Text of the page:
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Thursday, September 14th, 2017
Table of Contents

1 Introduction
5 PMID
 [F] Diseases Research  / PubMed Research Articles  /
[Shared decision making in patients with diabetes mellitus].

PubMed

 

Resource

Revista medica de Chile 2017 May 12; 145(5)

Authors

Serrano V1; Larrea-Mantilla L2; Rodríguez-Gutiérrez R3; Spencer-Bonilla G4; Málaga G5; Hargraves I6; Montori VM7;

Author Information
  • 1Knowledge and Evaluation Research Unit, Division of Endocrinology, Diabetes, Metabolism and Nutrition, Department of Medicine, Mayo Clinic, Minnesota, USA.
  • 2Knowledge and Evaluation Research Unit, Division of Endocrinology, Diabetes, Metabolism and Nutrition, Department of Medicine, Mayo Clinic, Minnesota, USA.
  • 3Knowledge and Evaluation Research Unit, Division of Endocrinology, Diabetes, Metabolism and Nutrition, Department of Medicine, Mayo Clinic, Minnesota, USA.
  • 4Knowledge and Evaluation Research Unit, Division of Endocrinology, Diabetes, Metabolism and Nutrition, Department of Medicine, Mayo Clinic, Minnesota, USA.
  • 5Unidad de Conocimiento y Evidencia, Universidad Peruana Cayetano Heredia, Lima, Perú.
  • 6Knowledge and Evaluation Research Unit, Division of Endocrinology, Diabetes, Metabolism and Nutrition, Department of Medicine, Mayo Clinic, Minnesota, USA.
  • 7Knowledge and Evaluation Research Unit, Division of Endocrinology, Diabetes, Metabolism and Nutrition, Department of Medicine, Mayo Clinic, Minnesota, USA.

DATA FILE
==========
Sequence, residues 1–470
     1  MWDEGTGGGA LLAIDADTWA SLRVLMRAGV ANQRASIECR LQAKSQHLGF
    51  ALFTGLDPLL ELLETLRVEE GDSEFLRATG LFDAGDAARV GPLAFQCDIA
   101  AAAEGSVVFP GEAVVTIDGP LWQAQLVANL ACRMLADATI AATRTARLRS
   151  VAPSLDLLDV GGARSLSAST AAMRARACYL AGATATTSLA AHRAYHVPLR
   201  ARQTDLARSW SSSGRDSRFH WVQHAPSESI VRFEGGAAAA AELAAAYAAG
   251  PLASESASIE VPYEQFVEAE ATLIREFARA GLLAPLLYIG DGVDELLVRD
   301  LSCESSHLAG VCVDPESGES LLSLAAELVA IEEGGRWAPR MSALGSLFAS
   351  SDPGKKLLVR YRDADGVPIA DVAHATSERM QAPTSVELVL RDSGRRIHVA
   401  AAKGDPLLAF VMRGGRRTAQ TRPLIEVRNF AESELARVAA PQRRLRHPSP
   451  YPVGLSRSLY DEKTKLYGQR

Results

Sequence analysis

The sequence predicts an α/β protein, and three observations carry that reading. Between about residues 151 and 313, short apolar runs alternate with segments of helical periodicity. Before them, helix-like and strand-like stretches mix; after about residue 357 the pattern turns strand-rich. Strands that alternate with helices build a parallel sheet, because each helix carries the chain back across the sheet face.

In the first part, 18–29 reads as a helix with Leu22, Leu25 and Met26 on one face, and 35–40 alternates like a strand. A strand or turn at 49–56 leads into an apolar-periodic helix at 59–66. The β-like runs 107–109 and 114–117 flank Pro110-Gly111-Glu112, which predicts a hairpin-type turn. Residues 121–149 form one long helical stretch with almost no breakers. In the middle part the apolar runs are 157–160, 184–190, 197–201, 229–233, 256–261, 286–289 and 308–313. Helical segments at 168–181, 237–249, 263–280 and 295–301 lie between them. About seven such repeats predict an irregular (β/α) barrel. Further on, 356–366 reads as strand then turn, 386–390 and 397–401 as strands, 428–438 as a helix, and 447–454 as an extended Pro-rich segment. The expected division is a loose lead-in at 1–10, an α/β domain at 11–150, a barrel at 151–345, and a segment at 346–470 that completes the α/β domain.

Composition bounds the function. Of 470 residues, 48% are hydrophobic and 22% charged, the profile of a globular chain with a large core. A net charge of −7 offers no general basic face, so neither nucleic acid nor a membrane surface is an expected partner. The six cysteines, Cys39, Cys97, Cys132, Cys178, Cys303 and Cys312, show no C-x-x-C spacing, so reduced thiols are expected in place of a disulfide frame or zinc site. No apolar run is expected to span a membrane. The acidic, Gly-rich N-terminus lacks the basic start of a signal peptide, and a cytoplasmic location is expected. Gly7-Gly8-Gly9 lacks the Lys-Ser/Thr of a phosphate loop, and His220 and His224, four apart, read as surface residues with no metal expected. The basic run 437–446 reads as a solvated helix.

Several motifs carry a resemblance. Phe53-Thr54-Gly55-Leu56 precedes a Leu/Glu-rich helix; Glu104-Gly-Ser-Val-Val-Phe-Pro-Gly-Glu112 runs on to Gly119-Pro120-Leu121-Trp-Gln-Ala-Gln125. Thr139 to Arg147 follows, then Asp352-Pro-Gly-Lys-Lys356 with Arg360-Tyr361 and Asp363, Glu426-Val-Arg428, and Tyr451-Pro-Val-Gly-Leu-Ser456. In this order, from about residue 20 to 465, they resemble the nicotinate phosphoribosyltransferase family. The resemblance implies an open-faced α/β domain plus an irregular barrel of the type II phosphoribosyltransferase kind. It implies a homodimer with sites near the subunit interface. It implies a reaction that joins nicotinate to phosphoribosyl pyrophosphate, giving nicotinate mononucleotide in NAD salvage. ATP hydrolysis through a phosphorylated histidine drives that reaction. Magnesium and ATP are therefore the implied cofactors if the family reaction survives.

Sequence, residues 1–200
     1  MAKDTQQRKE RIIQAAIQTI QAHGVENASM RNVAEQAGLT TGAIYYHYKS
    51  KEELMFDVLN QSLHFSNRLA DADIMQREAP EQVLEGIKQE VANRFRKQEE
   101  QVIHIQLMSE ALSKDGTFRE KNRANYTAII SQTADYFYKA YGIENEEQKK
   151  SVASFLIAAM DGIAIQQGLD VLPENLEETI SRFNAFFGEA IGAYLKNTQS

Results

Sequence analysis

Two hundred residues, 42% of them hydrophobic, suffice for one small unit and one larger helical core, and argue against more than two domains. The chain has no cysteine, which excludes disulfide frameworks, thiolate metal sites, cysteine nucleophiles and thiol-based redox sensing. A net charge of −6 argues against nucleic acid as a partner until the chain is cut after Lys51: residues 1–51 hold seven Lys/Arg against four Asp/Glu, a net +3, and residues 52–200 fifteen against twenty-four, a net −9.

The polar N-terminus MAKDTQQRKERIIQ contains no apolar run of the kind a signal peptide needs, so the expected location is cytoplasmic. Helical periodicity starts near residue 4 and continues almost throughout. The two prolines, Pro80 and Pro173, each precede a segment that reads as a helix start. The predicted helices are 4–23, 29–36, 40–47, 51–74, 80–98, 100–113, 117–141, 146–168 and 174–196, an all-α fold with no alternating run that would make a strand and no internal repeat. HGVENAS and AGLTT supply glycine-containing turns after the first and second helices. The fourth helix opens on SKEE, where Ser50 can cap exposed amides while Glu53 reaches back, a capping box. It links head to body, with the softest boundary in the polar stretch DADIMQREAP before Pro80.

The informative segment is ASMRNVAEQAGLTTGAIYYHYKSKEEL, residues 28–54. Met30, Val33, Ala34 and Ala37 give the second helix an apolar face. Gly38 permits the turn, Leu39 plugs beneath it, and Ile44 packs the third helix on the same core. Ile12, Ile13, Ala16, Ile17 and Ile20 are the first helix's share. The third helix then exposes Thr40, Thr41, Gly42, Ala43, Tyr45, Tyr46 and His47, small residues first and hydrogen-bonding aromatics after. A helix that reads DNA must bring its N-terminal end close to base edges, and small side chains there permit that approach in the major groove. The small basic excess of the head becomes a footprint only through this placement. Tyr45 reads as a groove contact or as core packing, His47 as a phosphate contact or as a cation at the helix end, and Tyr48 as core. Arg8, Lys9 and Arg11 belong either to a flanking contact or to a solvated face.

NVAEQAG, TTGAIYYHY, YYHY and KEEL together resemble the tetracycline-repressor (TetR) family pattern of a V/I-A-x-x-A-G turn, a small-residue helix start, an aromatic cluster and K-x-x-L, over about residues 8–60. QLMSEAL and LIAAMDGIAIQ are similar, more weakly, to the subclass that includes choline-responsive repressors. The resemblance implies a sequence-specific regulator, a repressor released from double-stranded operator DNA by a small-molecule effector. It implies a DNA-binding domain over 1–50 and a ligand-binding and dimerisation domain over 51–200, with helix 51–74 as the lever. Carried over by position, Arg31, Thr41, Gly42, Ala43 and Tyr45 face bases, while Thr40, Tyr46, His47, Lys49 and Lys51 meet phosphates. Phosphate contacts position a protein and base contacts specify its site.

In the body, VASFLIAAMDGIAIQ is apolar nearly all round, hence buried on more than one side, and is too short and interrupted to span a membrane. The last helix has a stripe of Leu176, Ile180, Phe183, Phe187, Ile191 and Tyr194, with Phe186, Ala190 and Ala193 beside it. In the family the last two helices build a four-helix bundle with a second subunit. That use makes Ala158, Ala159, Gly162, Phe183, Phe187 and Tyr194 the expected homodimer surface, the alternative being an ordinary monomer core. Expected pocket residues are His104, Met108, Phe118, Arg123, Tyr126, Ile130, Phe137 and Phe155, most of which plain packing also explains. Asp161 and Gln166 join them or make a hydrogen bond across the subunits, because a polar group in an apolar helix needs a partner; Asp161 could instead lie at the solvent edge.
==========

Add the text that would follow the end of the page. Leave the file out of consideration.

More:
Abstract

Patients with diabetes mellitus often have several medical problems and carry a burden imposed by their illness and treatment. Health care often ignores the values, preferences and context of patients, leading to treatments that do not fit into patients’ overwhelmed lives. Shared Decision Making (SDM) emerges as a way to answer the question: “What’s best for the patient?”. SDM promotes an empathic conversation between patients and clinicians that integrates the best evidence available with their values, preferences and context. We discuss three SDM approaches for patients with diabetes: one focused on sharing information, another on making choices, and a third one on helping patients and clinicians to talk about how to address the problems of living with diabetes and its comorbidities. Despite the benefits demonstrated in studies conducted in the U.S. and Europe, the implementation of SDM continues to be a challenge. In Latin America, healthcare and socio-economic conditions render the implementation of SDM more challenging. Research aimed to respond to this challenge is necessary. Meanwhile, clinicians can practice SDM by sharing evidence-based information, giving voice to patients’ values and preferences in making choices, and creating empathic conversations aimed at decisions aligned with patients’ context, dreams, goals, and life expectations.



PMID

28898341

Others

Publication Type: English Abstract, Journal Article


This article is licensed under the the National Library of Medicine License. It uses material from the PubMed National Library of Medicine Data.


Last Modified:   2016-03-27


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